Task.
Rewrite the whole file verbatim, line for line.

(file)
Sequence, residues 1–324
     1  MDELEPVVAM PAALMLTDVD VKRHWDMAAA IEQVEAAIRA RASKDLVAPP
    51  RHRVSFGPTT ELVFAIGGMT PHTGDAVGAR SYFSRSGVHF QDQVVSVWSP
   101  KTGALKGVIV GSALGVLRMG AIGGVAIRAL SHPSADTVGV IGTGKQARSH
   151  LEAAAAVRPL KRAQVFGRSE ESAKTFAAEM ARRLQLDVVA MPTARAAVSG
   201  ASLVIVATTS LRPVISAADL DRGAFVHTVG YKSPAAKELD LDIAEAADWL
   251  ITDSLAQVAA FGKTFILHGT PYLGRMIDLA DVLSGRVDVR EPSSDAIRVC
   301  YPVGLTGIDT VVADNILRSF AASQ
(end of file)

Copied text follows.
Sequence, residues 1–324
     1  MDELEPVVAM PAALMLTDVD VKRHWDMAAA IEQVEAAIRA RASKDLVAPP
    51  RHRVSFGPTT ELVFAIGGMT PHTGDAVGAR SYFSRSGVHF QDQVVSVWSP
   101  KTGALKGVIV GSALGVLRMG AIGGVAIRAL SHPSADTVGV IGTGKQARSH
   151  LEAAAAVRPL KRAQVFGRSE ESAKTFAAEM ARRLQLDVVA MPTARAAVSG
   201  ASLVIVATTS LRPVISAADL DRGAFVHTVG YKSPAAKELD LDIAEAADWL
   251  ITDSLAQVAA FGKTFILHGT PYLGRMIDLA DVLSGRVDVR EPSSDAIRVC
   301  YPVGLTGIDT VVADNILRSF AASQ